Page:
Bosch CCS180 Cordless Circular Saw Review
A professinal saw with a flawby Lorenz Prem
Cordless circular saws are by definition limited tools. If they worked flawlessly the market for AC powered saw would dry up instantly. Going into a cordless circular saw review the challenge is always to articulate what the saw can be used for, rather than finding out how it fails. This week I got to play with the Bosch CCS180, a very promising candidate packaged in an L-Boxx. Let's take a look what this saw can do, and how it can help you get your work done.
The Bosch CCS180 CordlessCircular Saw
Short of the lower blade guard the build quality of the CCS180 is excellent. The motor is housed in a thick plastic body that has no moving or ill-fitting seams. Should the motor ever need servicing removing two screws is all it takes to gain access. Both the main and forward grip are covered with rubber for a more comfortable feel during operation. The controls allow both left and right handed operation.
The base plate of the saw is cast as a single unit from aluminum. It is one of the reasons why this saw cuts so well. The plate won't bend under any load you could reasonably subject it to. Combined with the sturdy motor mount, the base plate guides the blade through a cut without the slightest amount of deflection. Tick marks along the front edge of the plate can be used for making rough cuts in relation to the blade. The missing labels on the scale require you to count the marks every time you do so. A sharpie fixes that problem in a hurry. Should you need them, there are two kerf marks; one for 0 and 45 degrees.
The saw uses a trigger protected by a safety as the main power switch. To turn the motor on the user has to first engage the safety from either side to unlock the main trigger. Once the saw is running, the safety locks into place and can be released. Operating the safety with your thumb feels slightly awkward. It is not positioned properly to make the operation comfortable. This issue should not keep you from considering this saw, but I must mention anything that gets me annoyed while reviewing a tool.
Everything about the CCS180 is well design except the lower blade guard. What you have here is essentially a great tool with a glaring flaw.
The upper blade guard of the CCS180 is made from cast-aluminum and functions as the core of the saw. The motor and base plate are connected to it. Nearly indestructible the guard fails to collect all dust produced by the blade. In some situations some dust escapes near the front of the guard. What the guard does collect it inconveniently ejects right onto the base plate just behind the blade.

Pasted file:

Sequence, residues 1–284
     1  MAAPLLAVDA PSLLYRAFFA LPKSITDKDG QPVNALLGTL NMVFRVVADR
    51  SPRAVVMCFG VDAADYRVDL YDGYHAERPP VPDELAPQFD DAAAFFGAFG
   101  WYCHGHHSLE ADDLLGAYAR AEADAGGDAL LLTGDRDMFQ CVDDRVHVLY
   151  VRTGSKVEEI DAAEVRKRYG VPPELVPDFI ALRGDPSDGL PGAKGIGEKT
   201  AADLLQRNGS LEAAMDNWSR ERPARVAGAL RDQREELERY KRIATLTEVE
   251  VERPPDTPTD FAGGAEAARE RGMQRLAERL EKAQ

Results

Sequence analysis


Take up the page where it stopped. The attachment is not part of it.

Sight lines are poor due to the lip of the upper blade guard being in the way. The operator has to lean forward quite a bit to see the teeth of the blade as they make their cut. This puts the face of the user right in the path of the dust particles being ejected near the cut. A face shield solves this problem, but it's a problem other saws do not have.
The Lower Blade Guard
The lower blade guard is the worst part of the saw and the first thing you are likely to notice when you pick the saw up for the first time. It is made from a single piece of, what feels like, low-quality plastic. Should you ever drop your saw, the blade guard is likely to shatter. The guard's lever is particularly vulnerable. If that was not bad enough, the fit between the guard and the motor mount is a very lose one. The guard rattles while being used, but never touches the spinning blade.
When handled with care the blade guard is still full functional. It rides up and out of the way on its own during almost every cut. You'll only notice the guard when you put the saw down. The designers made things worse by placing the guard's lever out of reach of the hand on the main grip. You'll need two hands run the saw with the blade guard fully retracted.
The Depth Adjustment Mechanism